The first question I ask my students is why they are attending the school. Most are trying to become more consistent, some have back pain and others are simply frustrated and looking for an easier way.
You might be surprised but, no matter what they say, I don’t believe that I can fix their golf swings. Does that sound depressing? The reason is because “fixing” their swings would infer that at one time they had it and then it somehow became broken or fell apart. Fixing their swing would mean that at one time they knew how to swing the club and they forgot how.
The fact is that the students at our schools don’t need their swings fixed. They need to build new ones. They must Re-Create their swings and re-create themselves in the process. Stay with me on this one. This could get a bit well … interesting.
When you start to learn something and then practice for hour, by the time you actually learn the skill you are a different person at the end. You are a different human being. You have altered your brain.
This isn’t hypothetical. Science has proven that when you practice and develop your skills, you are accessing new brain patterns that did previously did not exist. This is exactly the way children learn to walk, talk and eventually develop into adults.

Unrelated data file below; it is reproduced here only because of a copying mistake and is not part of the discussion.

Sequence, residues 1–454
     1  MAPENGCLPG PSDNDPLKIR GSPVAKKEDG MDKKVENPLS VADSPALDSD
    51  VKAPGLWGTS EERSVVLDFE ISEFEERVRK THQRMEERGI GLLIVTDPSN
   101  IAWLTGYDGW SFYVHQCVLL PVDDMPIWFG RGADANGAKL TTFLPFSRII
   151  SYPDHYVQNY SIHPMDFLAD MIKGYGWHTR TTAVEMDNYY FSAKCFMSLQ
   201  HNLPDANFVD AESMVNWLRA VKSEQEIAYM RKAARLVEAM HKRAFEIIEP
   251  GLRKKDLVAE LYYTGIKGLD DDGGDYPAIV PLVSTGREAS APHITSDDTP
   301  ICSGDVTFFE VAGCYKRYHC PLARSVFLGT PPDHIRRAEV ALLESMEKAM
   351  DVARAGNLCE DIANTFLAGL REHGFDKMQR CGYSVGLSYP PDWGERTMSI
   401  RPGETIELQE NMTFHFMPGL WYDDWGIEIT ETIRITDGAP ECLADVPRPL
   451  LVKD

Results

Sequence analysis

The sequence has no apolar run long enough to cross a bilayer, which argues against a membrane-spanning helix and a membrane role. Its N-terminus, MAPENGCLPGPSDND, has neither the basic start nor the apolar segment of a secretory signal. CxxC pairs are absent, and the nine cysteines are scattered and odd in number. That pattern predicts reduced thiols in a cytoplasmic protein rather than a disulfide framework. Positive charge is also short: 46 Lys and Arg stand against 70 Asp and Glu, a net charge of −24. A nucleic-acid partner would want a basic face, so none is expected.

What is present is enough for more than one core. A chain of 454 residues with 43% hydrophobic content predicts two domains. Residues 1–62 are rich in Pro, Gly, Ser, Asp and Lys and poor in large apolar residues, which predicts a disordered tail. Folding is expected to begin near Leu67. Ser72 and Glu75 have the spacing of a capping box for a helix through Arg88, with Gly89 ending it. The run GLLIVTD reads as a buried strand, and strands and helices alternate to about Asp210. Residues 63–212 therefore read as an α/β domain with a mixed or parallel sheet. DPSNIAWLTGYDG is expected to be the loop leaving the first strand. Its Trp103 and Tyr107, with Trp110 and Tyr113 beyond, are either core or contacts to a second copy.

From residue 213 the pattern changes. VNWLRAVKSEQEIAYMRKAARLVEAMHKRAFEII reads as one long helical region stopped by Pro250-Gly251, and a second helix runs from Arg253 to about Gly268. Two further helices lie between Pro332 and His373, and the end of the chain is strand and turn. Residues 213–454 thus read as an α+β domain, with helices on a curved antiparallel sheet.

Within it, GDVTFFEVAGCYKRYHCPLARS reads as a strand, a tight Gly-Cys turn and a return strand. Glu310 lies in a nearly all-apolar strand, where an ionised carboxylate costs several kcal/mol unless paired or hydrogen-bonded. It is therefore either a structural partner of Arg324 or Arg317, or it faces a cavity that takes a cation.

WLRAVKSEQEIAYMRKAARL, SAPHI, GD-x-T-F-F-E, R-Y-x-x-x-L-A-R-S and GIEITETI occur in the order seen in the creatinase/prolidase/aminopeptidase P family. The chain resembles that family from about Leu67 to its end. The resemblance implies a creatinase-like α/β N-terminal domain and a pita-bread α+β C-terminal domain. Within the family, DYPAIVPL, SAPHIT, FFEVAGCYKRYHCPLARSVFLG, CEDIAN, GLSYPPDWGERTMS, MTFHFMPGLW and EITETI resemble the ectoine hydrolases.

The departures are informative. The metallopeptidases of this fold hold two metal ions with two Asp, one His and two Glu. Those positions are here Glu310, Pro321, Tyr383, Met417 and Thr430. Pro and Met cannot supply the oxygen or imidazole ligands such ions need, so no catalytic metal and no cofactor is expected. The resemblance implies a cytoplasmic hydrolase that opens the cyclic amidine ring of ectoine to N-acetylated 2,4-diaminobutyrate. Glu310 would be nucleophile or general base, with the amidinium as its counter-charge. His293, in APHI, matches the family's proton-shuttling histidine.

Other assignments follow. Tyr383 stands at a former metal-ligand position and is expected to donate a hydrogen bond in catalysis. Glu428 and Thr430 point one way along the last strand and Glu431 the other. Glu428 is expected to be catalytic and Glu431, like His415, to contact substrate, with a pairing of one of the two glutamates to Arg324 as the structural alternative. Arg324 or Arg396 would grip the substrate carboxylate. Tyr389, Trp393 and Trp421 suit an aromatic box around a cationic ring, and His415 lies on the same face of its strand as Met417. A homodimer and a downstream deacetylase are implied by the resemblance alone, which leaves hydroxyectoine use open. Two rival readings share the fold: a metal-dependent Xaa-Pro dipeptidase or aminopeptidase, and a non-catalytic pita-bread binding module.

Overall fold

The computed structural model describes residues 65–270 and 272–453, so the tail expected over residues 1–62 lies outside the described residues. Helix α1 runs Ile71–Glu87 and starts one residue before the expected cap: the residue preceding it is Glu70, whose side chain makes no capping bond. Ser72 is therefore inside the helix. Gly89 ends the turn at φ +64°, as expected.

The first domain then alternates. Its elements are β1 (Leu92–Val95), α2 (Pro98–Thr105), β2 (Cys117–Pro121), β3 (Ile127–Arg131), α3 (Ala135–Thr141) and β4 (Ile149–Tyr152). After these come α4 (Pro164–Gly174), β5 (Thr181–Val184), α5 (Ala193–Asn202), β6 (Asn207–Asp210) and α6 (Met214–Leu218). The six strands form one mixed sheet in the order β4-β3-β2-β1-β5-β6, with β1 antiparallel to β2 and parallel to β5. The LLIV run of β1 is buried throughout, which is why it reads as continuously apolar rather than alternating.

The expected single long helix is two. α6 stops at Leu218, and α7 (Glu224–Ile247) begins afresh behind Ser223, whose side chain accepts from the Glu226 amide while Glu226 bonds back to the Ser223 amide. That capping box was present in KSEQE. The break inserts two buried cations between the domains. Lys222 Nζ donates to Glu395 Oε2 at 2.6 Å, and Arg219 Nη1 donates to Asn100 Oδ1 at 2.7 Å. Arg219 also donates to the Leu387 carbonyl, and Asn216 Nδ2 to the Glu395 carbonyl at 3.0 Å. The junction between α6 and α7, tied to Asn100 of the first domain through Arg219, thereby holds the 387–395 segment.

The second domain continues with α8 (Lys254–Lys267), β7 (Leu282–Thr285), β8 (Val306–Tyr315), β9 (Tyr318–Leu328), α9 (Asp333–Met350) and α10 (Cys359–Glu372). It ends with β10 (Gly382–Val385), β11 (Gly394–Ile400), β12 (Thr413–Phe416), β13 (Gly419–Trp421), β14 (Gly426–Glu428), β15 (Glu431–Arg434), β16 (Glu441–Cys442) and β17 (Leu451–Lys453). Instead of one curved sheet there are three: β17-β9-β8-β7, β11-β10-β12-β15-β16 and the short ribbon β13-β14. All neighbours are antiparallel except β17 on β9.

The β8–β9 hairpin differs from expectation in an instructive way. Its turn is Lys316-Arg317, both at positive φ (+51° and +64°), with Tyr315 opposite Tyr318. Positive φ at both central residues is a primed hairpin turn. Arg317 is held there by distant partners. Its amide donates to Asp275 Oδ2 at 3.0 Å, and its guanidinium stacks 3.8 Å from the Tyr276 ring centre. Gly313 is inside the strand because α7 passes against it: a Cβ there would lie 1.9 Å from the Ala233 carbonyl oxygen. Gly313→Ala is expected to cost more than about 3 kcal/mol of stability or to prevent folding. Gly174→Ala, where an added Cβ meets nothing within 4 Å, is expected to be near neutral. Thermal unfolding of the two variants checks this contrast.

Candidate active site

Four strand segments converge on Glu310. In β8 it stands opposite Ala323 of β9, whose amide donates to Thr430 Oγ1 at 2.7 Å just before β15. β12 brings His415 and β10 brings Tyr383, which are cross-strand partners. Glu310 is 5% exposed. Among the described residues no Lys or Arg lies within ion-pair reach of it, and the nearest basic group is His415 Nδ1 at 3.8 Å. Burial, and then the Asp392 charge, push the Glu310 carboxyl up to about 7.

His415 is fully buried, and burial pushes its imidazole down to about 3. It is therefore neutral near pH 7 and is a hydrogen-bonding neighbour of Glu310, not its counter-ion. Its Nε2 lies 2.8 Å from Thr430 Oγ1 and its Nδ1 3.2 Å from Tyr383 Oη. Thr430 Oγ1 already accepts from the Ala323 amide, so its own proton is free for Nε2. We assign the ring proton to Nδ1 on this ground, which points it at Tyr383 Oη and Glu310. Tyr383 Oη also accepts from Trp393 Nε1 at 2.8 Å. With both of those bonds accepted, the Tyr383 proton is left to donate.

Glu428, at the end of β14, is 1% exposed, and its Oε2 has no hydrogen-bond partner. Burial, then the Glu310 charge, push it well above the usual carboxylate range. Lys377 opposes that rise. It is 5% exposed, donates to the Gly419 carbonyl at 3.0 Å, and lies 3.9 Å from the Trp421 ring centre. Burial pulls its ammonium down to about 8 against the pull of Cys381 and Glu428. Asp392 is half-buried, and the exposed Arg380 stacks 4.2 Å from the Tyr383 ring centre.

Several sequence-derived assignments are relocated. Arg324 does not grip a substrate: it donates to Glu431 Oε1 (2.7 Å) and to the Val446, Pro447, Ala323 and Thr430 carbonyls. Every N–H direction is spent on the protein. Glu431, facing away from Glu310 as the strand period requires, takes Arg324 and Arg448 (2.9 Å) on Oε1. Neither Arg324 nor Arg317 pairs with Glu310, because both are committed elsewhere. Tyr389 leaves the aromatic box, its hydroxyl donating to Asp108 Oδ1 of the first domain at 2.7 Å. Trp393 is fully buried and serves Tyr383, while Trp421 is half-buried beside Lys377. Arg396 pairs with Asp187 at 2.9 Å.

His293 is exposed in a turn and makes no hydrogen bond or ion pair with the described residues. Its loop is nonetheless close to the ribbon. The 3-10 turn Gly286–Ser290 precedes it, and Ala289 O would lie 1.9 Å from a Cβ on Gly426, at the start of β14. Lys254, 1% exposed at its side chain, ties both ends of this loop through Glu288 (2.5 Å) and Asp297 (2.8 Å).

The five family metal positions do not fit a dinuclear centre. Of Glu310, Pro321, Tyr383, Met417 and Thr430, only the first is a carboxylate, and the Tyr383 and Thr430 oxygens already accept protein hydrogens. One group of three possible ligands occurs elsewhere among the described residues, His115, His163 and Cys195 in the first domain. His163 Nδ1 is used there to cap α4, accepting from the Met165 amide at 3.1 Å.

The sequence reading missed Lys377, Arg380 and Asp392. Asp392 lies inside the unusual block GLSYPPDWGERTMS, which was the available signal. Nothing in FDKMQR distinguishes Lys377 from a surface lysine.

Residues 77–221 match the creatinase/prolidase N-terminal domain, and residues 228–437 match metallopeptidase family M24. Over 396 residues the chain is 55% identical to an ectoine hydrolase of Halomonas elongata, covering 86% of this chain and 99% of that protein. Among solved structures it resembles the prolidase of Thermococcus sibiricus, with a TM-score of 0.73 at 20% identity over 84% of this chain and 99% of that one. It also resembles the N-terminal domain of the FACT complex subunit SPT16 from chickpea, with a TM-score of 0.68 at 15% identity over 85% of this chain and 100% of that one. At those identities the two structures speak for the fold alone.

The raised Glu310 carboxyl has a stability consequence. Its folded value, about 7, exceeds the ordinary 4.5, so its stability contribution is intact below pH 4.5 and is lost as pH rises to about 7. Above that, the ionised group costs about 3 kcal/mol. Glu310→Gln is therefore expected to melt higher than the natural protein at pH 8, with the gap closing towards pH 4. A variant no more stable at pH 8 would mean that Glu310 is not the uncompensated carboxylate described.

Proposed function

This insight is extremely important. So many students never really change. Why? Because they haven’t learned HOW to rewire themselves. Its not really that hard. If you understand the process – it will help you recreate your swing and improve. However there is a critical factor to this process – you must TRUST it. In other words you must believe in it.
Currently you have a set of movements that are wired into your nervous system. While holding a club, with a ball resting on the ground, you run this process. You call this a golf swing. The Ingredients include: You, The ball and the club. Thats it. The club and the ball are fixed – they can’t change. (Yes, you can always buy new clubs but YOU the user is the variable in this equation). You can change. Therefore, you must ask yourself – what about me must change to improve? This is an important question.
Moe Norman said: “I don’t know how to swing it badly”
What he was really saying is that his wiring, the neural programs in his head, only fire in the direction of a perfect golf swing. He was saying that he had wired himself this way. When I asked him how he did this he said: “You have to believe in yourself”.
At first I thought this meant that I needed to have confidence. I have learned since that this wasn’t really what he meant. Let me explain. Heres is where I go deep.
But before I do, let me speak to you as a friend – a friend who cares about you but also as a friend who wants to kick you in the pants. You know, a little tough love. Let me tell you that, I bet you know how your oil is changed, how the car turns, the driveshaft, the combustion engine etc. I bet you know how your cell phone works and can operate your coffee maker like a champ. Yes, most of us know how our machines operate. But we don’t have a clue about how our brain works. Don’t you think its time you started asking yourself “How do I work and how does my brain work?” If you don’t start learning this, you will be a product of your circumstances rather than a creator of them.